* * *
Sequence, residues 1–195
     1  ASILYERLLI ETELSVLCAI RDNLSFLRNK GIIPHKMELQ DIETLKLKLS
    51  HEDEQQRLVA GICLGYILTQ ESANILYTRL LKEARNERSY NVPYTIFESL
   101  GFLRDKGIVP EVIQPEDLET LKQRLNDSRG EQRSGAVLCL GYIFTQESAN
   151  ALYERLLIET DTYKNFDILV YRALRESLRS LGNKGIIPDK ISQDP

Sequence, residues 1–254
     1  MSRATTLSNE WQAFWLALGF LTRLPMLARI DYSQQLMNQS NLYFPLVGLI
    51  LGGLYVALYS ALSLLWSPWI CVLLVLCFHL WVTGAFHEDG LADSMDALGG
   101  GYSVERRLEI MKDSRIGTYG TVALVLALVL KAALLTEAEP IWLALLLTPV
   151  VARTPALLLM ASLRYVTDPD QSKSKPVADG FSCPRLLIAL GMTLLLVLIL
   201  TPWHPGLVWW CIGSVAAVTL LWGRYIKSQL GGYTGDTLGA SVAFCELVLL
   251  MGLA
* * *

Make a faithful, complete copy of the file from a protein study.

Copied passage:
Sequence, residues 1–195
     1  ASILYERLLI ETELSVLCAI RDNLSFLRNK GIIPHKMELQ DIETLKLKLS
    51  HEDEQQRLVA GICLGYILTQ ESANILYTRL LKEARNERSY NVPYTIFESL
   101  GFLRDKGIVP EVIQPEDLET LKQRLNDSRG EQRSGAVLCL GYIFTQESAN
   151  ALYERLLIET DTYKNFDILV YRALRESLRS LGNKGIIPDK ISQDP

Sequence, residues 1–254
     1  MSRATTLSNE WQAFWLALGF LTRLPMLARI DYSQQLMNQS NLYFPLVGLI
    51  LGGLYVALYS ALSLLWSPWI CVLLVLCFHL WVTGAFHEDG LADSMDALGG
   101  GYSVERRLEI MKDSRIGTYG TVALVLALVL KAALLTEAEP IWLALLLTPV
   151  VARTPALLLM ASLRYVTDPD QSKSKPVADG FSCPRLLIAL GMTLLLVLIL
   201  TPWHPGLVWW CIGSVAAVTL LWGRYIKSQL GGYTGDTLGA SVAFCELVLL
   251  MGLA